You can just see the snow on the mountains but downtown it is doing what it does so often. It is raining, soft, relatively warm rain but then it once did this for 17 straight days and a visiting photographer from the National Geographic claimed he was driven near crazy while holed up in his hotel room.
Then he woke to the cleanest blue-rinsed sky he had ever seen after a fall of snow and declared he was picturing paradise.
Such is the hope here at the dawn of the XXI Winter Olympics and as fervent wishes go it is rivalled only by the one of the suddenly embattled cover girls of alpine sport, Lindsey Vonn.
The 25-year-old skier from Minnesota arrived here this week carrying whole canisters of the oxygen upon which events such as these depend so desperately.
Set for a possible three gold medals in the downhill, the combined and the Super G – and the biggest potential one-woman Olympic impact since her compatriot, the now forlorn Marion Jones travelled to the Sydney summer games of 2000 – she is by far the most feted athlete here.
She also owns a double triumph guaranteed to provoke wholesale drooling in both the seafront suites of Olympic leaders and the executives offices of NBC television in New York – a Sports Illustrated cover picture and a splash in the magazine's fabled swimsuit edition in successive weeks.
Not even such legendary downhillers Franz Klammer and Jean-Claude Killy enjoyed such fanfare – and the possibility of 10 major sponsorships that would send her hurtling into the Forbes list of sport's super-wealthy. In America, still the key to financial success for any Olympics, they have had to go back to the speed skating sensation of Eric Heiden and the US hockey team at Lake Placid 30 years ago for a measurement of Vonn's importance to the TV ratings.
Unfortunately, going down mountain slopes at improbable speeds is not accompanied by guarantees and Vonn's revelation here yesterday that she is fighting excruciating pain after a training injury in Austria last week was not so much a convulsion as an invitation to panic.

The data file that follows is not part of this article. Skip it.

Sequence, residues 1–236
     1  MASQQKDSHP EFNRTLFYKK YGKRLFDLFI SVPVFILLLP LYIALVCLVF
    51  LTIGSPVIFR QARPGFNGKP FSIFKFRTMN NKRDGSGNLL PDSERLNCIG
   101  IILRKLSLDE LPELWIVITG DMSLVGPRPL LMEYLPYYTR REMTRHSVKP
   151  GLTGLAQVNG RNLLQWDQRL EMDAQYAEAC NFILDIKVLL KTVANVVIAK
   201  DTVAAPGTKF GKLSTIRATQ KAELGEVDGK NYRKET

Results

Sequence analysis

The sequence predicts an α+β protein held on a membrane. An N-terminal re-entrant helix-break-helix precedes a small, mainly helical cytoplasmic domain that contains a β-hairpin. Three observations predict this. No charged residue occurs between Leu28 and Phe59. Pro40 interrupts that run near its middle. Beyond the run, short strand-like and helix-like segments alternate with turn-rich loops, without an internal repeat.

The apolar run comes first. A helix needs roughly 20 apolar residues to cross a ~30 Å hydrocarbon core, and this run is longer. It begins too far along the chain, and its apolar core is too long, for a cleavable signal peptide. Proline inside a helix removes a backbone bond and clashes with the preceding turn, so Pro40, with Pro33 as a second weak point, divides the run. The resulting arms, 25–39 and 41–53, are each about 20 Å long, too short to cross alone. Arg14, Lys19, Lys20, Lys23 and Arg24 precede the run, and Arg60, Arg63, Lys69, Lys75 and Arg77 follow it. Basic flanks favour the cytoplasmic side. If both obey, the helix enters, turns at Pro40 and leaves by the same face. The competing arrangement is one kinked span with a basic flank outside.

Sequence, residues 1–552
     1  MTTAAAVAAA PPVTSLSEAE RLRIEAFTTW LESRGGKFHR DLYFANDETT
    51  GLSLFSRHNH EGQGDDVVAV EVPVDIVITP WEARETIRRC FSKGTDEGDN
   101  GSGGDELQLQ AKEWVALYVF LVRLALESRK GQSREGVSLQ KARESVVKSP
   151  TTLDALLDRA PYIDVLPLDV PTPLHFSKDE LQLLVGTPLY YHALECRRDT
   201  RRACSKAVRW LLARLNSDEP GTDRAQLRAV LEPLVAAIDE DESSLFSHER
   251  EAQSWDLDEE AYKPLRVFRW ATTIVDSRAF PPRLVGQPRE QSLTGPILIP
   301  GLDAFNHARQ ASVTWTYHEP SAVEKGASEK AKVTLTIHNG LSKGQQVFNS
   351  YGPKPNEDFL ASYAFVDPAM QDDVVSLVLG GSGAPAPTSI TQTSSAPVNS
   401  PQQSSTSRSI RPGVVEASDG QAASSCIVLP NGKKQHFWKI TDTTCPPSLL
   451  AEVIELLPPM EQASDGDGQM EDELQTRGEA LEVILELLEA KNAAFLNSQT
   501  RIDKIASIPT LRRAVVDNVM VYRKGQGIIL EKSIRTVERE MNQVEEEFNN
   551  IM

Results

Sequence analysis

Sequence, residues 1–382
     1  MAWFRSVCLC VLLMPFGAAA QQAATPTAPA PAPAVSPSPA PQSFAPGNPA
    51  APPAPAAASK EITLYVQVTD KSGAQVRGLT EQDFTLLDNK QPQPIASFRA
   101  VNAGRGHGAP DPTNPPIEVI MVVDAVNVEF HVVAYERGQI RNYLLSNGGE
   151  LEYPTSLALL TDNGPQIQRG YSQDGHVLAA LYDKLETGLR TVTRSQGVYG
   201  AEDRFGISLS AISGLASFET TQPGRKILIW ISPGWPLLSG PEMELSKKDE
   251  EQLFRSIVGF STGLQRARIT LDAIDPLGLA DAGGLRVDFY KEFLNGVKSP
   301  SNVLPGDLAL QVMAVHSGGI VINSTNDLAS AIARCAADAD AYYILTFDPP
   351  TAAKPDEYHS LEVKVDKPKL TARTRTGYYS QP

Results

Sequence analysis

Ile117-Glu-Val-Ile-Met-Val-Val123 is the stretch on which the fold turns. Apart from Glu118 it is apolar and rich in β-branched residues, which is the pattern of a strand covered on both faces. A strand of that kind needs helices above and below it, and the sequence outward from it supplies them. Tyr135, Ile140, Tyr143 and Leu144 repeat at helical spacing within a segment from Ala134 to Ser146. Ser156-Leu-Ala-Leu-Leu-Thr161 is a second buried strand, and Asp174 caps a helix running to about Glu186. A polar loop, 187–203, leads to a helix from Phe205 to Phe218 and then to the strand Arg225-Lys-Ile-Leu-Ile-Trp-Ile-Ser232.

She was on the slopes yesterday, insisting she would fight on despite extreme pain when she put on her ski-boots. The glory – not to mention the loot – would not be easily discarded, a point confirmed by her decision to reduce the swelling on her shin by wrapping it in Austrian cheese.
However, if you want a degree of perspective it is most easily available in the British compound, where 19 skiers and snowboarders owe their presence to the £100,000 whip-round launched by British Olympic Association chairman Colin Moynihan in the wake of the collapse of Snowsport GB – and a government refusal to bail out a key part of a team which is promising to improve sharply on the one medal gleaned in Turin four years ago, a mark that put the hosts of the 2012 summer Olympics alongside Belarus, Bulgaria and Slovakia.
This has not, of course, prevented a message of encouragement from the Prime Minister.
Moynihan makes the stinging comparison between support of the summer athletes over a four year period – £400m – against the £6.5m devoted to the winter athletes, which he points out is just 1.5 per cent of the amount which helped fuel the British bonanza in Beijing in 2008. "It is a not a good effort when you think we are hosting the next summer Olympics and we must hope that success here will bring a new dawn for British winter sports.
"Down the years the Winter Olympics have thrown up success against the odds which have brought great pleasure in our country and with the increasing popularity of winter sports you just have to hope that the disaster which has been averted here will prove to be a good thing, that it will concentrate attention on something that is plainly wrong."